Rep. Teddy Baguilat of Ifugao, Chairman of the House Committee on Agriculture, also rued the attacks against Congress and described them as grossly unfair.
“While I fully support prosecution of erring and corrupt members of Congress, majority of us are decent, progressive and dedicated. We shouldn’t be lumped together with those who did wrong,” Baguilat stressed in a separate talk.
“The right of citizens to criticize should also be accompanied by fair and accurate accounting of the House’s performance. Before it was abolished, the bulk of my PDAF in the 15th Congress was used for priority projects in needy communities,” Baguilat, a member of the ruling LP, added.
His fellow LP members and Reps. Mel Senen Sarmiento of Western Samar and Benjie Agarao of Laguna could not agree more.
“Just like a family, you don’t brand the whole family as shop lifters just because one family member committed the act,” Sarmiento, the LP Secretary General, argued.
“Those who stole the public funds should pay, but let us not forget that not all lawmakers are thieves,” Agarao added.
Rep. Walden Bello of Akbayan party-list, for his part, lamented that the PDAF controversy has already created a smokescreen so huge that the public seemingly forgotten that the 15th Congress passed landmark legislations which have been pending for more than a decade namely the Sin Tax Reform law, Reproductive Health (RH) law, Kasambahay law and the Marcos Compensation law.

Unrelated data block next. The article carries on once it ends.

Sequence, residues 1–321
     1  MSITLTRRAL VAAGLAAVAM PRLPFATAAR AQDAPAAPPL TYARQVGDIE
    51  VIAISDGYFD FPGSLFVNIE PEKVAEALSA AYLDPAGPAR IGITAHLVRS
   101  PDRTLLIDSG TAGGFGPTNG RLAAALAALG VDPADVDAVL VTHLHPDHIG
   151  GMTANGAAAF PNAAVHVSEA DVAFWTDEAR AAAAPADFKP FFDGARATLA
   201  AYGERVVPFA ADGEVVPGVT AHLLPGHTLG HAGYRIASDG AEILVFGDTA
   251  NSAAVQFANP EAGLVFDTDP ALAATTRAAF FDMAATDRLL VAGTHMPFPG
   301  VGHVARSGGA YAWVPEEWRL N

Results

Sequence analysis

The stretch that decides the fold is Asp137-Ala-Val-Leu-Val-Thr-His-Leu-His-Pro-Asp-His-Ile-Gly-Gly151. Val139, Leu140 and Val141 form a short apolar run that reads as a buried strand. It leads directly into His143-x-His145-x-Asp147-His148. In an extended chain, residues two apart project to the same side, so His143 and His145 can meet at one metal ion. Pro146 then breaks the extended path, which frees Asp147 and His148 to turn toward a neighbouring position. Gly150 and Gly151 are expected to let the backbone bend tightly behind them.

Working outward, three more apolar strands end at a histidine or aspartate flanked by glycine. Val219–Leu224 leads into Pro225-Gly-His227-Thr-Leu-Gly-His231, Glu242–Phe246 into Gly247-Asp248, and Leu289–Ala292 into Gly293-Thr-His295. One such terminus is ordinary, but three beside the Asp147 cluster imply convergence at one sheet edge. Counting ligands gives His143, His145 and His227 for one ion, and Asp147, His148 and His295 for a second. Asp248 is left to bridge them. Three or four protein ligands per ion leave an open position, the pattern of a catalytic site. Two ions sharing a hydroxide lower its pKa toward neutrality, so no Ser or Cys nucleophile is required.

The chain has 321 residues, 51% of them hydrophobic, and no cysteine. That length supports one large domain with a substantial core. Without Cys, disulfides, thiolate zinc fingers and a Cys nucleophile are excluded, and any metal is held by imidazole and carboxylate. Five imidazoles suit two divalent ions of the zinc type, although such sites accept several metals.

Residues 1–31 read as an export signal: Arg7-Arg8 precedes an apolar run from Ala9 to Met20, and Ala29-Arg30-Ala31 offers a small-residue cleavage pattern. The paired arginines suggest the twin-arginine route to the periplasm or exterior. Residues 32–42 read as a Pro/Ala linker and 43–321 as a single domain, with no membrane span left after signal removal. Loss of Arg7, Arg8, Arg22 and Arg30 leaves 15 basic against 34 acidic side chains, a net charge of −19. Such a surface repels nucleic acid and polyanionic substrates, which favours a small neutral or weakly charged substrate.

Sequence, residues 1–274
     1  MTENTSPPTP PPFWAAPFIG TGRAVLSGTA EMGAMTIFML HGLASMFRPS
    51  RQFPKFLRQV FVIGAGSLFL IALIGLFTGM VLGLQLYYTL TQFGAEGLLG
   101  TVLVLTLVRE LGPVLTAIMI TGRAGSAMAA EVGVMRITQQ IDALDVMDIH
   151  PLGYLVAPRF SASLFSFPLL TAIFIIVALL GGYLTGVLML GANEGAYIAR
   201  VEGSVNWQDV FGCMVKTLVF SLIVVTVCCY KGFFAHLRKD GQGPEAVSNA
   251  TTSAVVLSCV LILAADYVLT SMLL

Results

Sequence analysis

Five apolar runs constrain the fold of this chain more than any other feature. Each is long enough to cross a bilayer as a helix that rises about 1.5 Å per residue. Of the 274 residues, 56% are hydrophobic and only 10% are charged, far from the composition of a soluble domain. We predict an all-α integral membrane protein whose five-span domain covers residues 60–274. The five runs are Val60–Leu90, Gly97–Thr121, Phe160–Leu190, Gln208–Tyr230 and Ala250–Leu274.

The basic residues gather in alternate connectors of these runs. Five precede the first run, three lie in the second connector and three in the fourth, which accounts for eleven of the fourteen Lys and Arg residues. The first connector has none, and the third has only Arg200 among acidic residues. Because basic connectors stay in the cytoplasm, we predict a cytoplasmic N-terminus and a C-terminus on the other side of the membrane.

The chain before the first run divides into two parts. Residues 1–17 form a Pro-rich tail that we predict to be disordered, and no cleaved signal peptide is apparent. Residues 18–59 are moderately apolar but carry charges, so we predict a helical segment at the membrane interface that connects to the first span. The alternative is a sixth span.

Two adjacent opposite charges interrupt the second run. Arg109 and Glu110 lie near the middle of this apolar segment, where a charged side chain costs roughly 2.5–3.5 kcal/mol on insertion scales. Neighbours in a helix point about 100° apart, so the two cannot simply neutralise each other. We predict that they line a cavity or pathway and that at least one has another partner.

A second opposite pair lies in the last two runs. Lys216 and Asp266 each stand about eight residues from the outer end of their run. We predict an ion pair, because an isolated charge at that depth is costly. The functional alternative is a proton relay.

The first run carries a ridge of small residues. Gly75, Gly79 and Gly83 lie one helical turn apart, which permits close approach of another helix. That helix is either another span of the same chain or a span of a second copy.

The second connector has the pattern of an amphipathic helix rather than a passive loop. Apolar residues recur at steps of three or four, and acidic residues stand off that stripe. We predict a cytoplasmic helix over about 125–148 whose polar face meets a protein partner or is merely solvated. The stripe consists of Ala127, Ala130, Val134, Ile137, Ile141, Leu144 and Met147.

The Sin Tax law raises taxes on tobacco and alcohol products which prices have been virtually remained the same since 1996, while the RH bill provides safe and effective contraceptives to the poorest of the poor.
On the other hand, the Kasambahay measure raised the minimum salary of household service workers to P2,500 and mandated the employers to pay for the social security of their household helpers.
Last but not the least, the Marcos compensation law grants remuneration to the victims of human rights violations during the regime of the late dictator President Ferdinand Marcos—the only Philippine law which holds Marcos and his family accountable for what transpired during the Martial law.
“Some deserve the epithet of pigs, but some don’t. Now that the pork is eliminated, Congress can better focus on debating and passing good legislation. Those who will run for Congress just to make money will no longer be motivated to run, leaving space for people who really want to provide effective public service. That is my hope,” Bello, Chairman of the House Committee on Overseas Workers Affairs, said.
But for Deputy Speaker Giorgidi Aggabao of Isabela, Congress has simply reaped the fruits of what it sowed in the first place.
“I can’t blame them [calling us names]. Many legislators treated the system as a game they mastered playing on. I said then, and am repeating it ad nauseam, we should throw the entire kitchen—not just the sink—to those who stole government money. Congress deserves being excoriated by the public,” Aggabao, a lawyer and a member of the Nationalist People’s Coalition, said in closing. LLANESCA T. PANTI